Cases of gonorrhea, a sexually-transmitted disease caused by bacteria that has developed resistance to antibiotics, are up in Virginia and across the nation this year. (Image via the Centers for Disease Control and Prevention's Public Image Library)

Cases of gonorrhea, chlamydia and syphilis have been rising in Virginia and across the country, with data showing sharp increases in these sexually-transmitted diseases year-over-year since 2013.

And so far this year, that trend has yet to stop, according to Virginia’s preliminary 2018 data.

Already the state has more gonorrhea cases this year than compared to the year-to-date averages of the past five years, with 6,381 cases. And the same is true for syphilis, with 632 cases so far this year recorded in the preliminary data.

Overall, Virginia’s seen a 22 percent increase in chlamydia diagnoses, from 33,825 in 2013 to 41,377 last year. Syphilis cases jumped by 52 percent, from 327 to 498.

But the biggest jump has been in gonorrhea diagnoses, with a 71 percent increase in the same time period compared to a 67 percent increase nationally. The number of cases in Virginia jumped from 7,105 to 12,141, according to the Department of Health.

That’s an especially troubling trend because gonorrhea has been developing antibiotic resistance.

“Gonorrhea is a very smart bug that continues to develop resistance to every antibiotic used to treat it,” said Oana Vasiliu, epidemiology and surveillance manager with the Department of Health. “We’re down to our last antibiotic.”

Public health officials can’t use older drugs, either, because gonorrhea also has a long memory, Vasiliu said, and will remember the antibiotic used to treat it 20 years ago.

“It’s learning and it’s keeping that information in its genes and it’s going to cause a major public health problem if we run out of our last line of defense,” Vasiliu said.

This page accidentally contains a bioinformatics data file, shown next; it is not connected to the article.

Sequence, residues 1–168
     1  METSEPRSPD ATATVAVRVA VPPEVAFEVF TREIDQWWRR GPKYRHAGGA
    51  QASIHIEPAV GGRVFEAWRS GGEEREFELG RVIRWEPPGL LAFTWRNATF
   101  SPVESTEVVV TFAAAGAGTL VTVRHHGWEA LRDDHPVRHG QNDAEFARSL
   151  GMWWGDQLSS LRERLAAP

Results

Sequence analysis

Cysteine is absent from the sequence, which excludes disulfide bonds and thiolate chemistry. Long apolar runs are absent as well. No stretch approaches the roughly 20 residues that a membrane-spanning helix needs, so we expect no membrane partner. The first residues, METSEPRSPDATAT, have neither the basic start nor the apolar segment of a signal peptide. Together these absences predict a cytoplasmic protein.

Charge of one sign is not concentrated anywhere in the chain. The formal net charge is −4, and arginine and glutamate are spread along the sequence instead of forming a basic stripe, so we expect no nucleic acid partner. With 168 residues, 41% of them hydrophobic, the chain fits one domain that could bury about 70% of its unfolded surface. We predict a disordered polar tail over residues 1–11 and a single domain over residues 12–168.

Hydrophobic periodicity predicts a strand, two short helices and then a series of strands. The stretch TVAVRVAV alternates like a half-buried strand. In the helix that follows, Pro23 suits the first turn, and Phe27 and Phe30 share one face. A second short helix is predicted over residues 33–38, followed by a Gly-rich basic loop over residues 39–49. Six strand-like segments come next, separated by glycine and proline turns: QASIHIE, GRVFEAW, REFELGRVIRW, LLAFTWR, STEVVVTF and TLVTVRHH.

The World Health Organization calls antibiotic resistance once of the biggest threats to global health.

If gonorrhea does become resistant to that last antibiotic, Vasiliu said, it will still be treatable. Patients will just require more intensive clinical care for providers to determine the best way to treat each individual case — which usually comes with a higher price tag. Right now, gonorrhea, syphilis and chlamydia are all pretty easily treated with antibiotics.

If they’re not treated, however, the sexually-transmitted diseases can cause major health problems like an increased risk for HIV or infertility, which is why public officials are so concerned about the rise over the past five years, Vasiliu said.

It’s not clear why the rates are going up, and Vasiliu said it might be due to better reporting of these diseases. Or it might be that they’re genuinely increasing, likely related to more people engaging in risky sexual behavior or just a lack of awareness about sexual health. Vasiliu said she thinks it’s a combination of both.

The typical demographics of the people diagnosed with the diseases are changing, too, and more women are getting diagnosed.

In Virginia, diagnoses of syphilis among women jumped by 125 percent between 2013 and 2017, a particularly disturbing trend because of the risk of infants developing syphilis. Infants with the disease are at risk for a slew of health problems. It can cause premature births and miscarriages, along with deformed bones in the babies, meningitis, or brain problems.

“It’s a pretty horrifying infection for it to happen in pregnancy and not be treated,” Vasiliu said, though she added that the babies can be fine if the mother is treated during pregnancy.

To combat the rising numbers, state and federal public health officials are trying to raise awareness both in the general population and among providers who may need to screen patients for a sexually-transmitted disease – especially pregnant women.